Choice and the MIT lifestyle by Mollie B. '06
...because "MIT" and "student life" aren't mutually exclusive.
First, questions answered:
1. Many people wondered aloud how I was capable of doing a problem set in 45 minutes. Whoa there! I’m not that amazing (and actually I’m not sure it would have been possible even if I did happen to be amazing). Monday and Wednesday nights are usually dedicated 5.60 pset nights, so I had already worked on the pset for around 6 hours. On Thursday nights, I usually use hints obtained from my TA at Thursday recitation to revise problems or figure out problems I couldn’t do on my own. (Note that most people at MIT like to do psets in groups — it’s faster, less frustrating, and more fun. But I don’t know that many people in the class, so I do my psets on my own.)
2. Timur asked about water pressure in the dorms. I think that’s probably something that varies dorm-to-dorm, but I’m quite satisfied with water pressure in my shower. Any other bloggers care to complain/rave?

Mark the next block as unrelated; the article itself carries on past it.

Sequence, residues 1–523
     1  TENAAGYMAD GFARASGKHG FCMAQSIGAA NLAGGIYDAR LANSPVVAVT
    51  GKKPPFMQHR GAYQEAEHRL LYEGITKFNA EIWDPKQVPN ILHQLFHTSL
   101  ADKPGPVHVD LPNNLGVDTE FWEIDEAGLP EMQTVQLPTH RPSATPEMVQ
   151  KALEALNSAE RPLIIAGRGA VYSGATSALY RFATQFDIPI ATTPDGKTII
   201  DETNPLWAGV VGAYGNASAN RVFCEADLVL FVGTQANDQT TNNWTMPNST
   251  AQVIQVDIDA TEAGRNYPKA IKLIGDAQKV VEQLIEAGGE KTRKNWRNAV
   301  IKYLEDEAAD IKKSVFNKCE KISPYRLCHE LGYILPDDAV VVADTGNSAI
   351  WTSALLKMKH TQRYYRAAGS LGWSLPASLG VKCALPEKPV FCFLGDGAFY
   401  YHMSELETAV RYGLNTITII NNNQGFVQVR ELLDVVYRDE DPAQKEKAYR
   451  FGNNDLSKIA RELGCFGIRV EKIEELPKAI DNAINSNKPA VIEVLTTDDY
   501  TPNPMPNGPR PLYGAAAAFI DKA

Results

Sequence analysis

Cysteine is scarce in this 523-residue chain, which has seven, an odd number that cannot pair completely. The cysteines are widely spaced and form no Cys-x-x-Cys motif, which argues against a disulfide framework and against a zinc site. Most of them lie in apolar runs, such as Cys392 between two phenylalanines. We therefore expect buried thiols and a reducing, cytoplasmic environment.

3. I should have stated this at the outset: although my “day in the life” was in fact a typical Tuesday or Thursday this semester (as in, every Tuesday/Thursday is like that), my Mondays, Wednesdays, and Fridays are a lot less crazy. This is by design — I like smushing a lot of my activities into a few days of the week, so I can enjoy my lazy days all the more. Fridays, for instance, I only have one lecture at 10 AM, then I’m free for the rest of the day.
Now, the last question, thanks to Vassko, has a more complicated answer. For those of you just tuning in, Vassko asked, “Do you guys get some time to go out into Boston, catch up with mates, go out on friday/saturday nights, or is the lifestyle mainly academia orientated?”